How to Write a Good History Paper

Writing a good history paper is one of the most important parts of a high school or college history course. It also helps develop critical thinking, analysis and written communication skills. Aside from good general grammar, what most professors will be expecting from a history essay are two things in particular: an original or at least a specific argument written in the context of the secondary literature (i.e. what other historians have already said about the topic), and a defence of that argument using primary evidence (sources whose writers were observers or participants in the events you’re describing).

Develop a Research Question and a Thesis Statement

According to the University of Ottawa history program, the first step in writing a good history program is to formulate a solid research question and then develop an answer to it, known as the thesis statement.

This is different than selecting a topic. Selecting a topic and then summarizing historical events is likely to produce a narrative or descriptive essay which simply runs through historical events in the order that they happened. This can be interesting and even entertaining, if you’ve picked an exciting topic. However, for a course assignment, the most important factor is always your ability to analyze critically. That’s what professors reward with high grades.

A question or problem begins from the chosen topic, like World War I or the American Civil War. However, it asks something much more narrow and analytical. A student might ask, for example, what factors caused one of these wars – or, in a comparative essay, might explore the similarities and differences in the roots of the American and French revolutions.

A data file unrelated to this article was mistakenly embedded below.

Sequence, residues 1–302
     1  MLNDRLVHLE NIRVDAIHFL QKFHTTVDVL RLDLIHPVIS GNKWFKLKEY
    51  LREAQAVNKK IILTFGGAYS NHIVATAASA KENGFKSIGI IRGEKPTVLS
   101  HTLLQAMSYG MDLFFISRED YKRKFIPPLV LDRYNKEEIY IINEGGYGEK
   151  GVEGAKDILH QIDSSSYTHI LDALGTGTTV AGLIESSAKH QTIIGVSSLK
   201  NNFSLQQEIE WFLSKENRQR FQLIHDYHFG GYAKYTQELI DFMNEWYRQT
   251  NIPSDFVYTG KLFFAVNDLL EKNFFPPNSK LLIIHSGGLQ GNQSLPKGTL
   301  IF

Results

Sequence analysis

The best history papers begin with questions that aren’t easy to answer, because it will be those papers that most impress the professor. A history essay which estimates the number of deaths in the First World War, for example, won’t look particularly impressive to the marker. The answers are well-known and easy to find. A more valuable if much more difficult-to-write essay might start by asking how soldiers in that war faced death, and what they thought or wrote about their experiences at the front.

The history paper then becomes the answer to the research question. At its core, usually somewhere in the introduction, is one or two sentences that provides the argument and the answer to the research question in a nutshell. This statement is known as the thesis statement. It is imperative that a school or college essay in history have a thesis statement in the introduction. Markers often look for this sort of statement and deduct marks heavily if they cannot find it.


The title is often the most neglected part of the paper, and seldom counts for much of the grade. However, it is still the student’s first chance to impress their instructor with the potential of their work – or to disappoint them because of its repetitiveness or blandness. Professors and teaching assistants may grade over a hundred papers a year, and the best papers must stand out from the crowd. The title should be slightly more than just a statement of the topic; it should also hint at what your argument will be. To return to the original example, a strong title would not simply be “The American Revolution.” Instead, it might be, “Taxation, Economic Liberalism, and the Origins of the American Revolution.”


The introduction serves three essential tasks: it identifies the research problem, the scholarly context and your thesis statement. In short papers the introduction may be a single paragraph. However, in upper-level classes introductions may go on for several pages.